Historically, one of the primary ways organic chemists have explored and created compounds is by constructing a carbon skeleton and making modifications to its structure.
But instead of building a carbon skeleton from scratch to make new compounds, UChicago scientists have developed a new method where they can insert atoms within an already existing carbon framework.
The innovation comes from a paper recently published in Science, by Rui Zhang, a fifth-year graduate student with the Guangbin Dong Lab. Zhang, with assistance from undergraduate Tingting Yu, developed a new “hook and slide” strategy that promises to optimize medicinal chemistry.
“It could lead to fast access to different drug candidates and therefore save a lot of time in the drug discovery process,” said Zhang.
Back in May of 2021, Zhang began work on a problem having to do with how scientists create new molecules.
By tweaking the structure of molecules in a systematic way, scientists can explore how these changes affect the properties of the substances they are working with, providing a useful tool for tailoring molecules to specific needs in various applications. This is especially relevant in fields like drug development, where new lead-identification can potentially save lives.
Specifically, Zhang wanted to successfully realize the homologation process with amides, a difficulty that had preoccupied the field and that had yet to be solved.
Homologation is one of the most important strategies for molecular modification.
In homologation, scientists build a family of related molecules where each member has a longer structure than the previous one. Once identified, they then add specific building blocks, often called methylene groups. As efficient as this process is, for years, when investigators tried to homologate amides, a compound found in proteins and formidable polymers like plastics, they were met with resistance and difficulty. Compared to other functional groups, amides have proven difficult because they are laconically inert, making them hard to activate, and thus manipulate.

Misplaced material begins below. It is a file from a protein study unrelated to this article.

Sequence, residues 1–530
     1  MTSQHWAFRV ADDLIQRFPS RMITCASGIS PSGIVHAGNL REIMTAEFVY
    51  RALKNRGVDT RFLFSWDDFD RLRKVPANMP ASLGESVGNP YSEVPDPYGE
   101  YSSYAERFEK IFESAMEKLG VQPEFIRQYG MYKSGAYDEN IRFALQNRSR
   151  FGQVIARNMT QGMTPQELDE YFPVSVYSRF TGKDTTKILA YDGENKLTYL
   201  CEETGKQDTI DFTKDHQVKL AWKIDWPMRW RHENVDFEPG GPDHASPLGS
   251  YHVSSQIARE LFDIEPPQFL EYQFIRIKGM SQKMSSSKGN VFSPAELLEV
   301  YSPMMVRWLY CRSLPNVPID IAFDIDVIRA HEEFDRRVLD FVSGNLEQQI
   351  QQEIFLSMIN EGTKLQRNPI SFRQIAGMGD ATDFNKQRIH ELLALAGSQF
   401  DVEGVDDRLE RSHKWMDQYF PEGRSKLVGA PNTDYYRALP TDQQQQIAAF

Inspired by the technical challenge, Zhang was not satisfied with simply overcoming the difficulty, but finding new ways to do it well.
“There are no existing methods to homologate amides,” said Professor Guangbin Dong, also an author on the study. “Our goal was to provide tunable homologation so we can insert a carbon unit of almost any length.”
Hook and slide
With what Dong describes as a “hook and slide strategy,” they found the key to not only activate the bond, but to make the homologation process tunable.
Once Zhang nailed down the method for activation, he spent another two years honing the project, screening through different conditions, and finding more efficient ways to activate and create bonds.
With the publication in Science, he now feels that his work has finally paid off.
“We gained new knowledge about how to break this very inert carbon-carbon bond and we hope this can inspire the field to investigate more of this inert chemical bond activation,” Zhang said. “We hope this tells the community that if you design the strategy well and it has a great catalyst, even an inert bond can be manipulated.”
Citation: "Rhodium catalyzed tunable amide homologation through a hook-and-slide strategy." Zhang, Yu, and Dong, Science, Nov. 23, 2023.
Funding: U.S. National Institute of General Medical Sciences, Bristol Meyers Squibb Graduate Fellowship.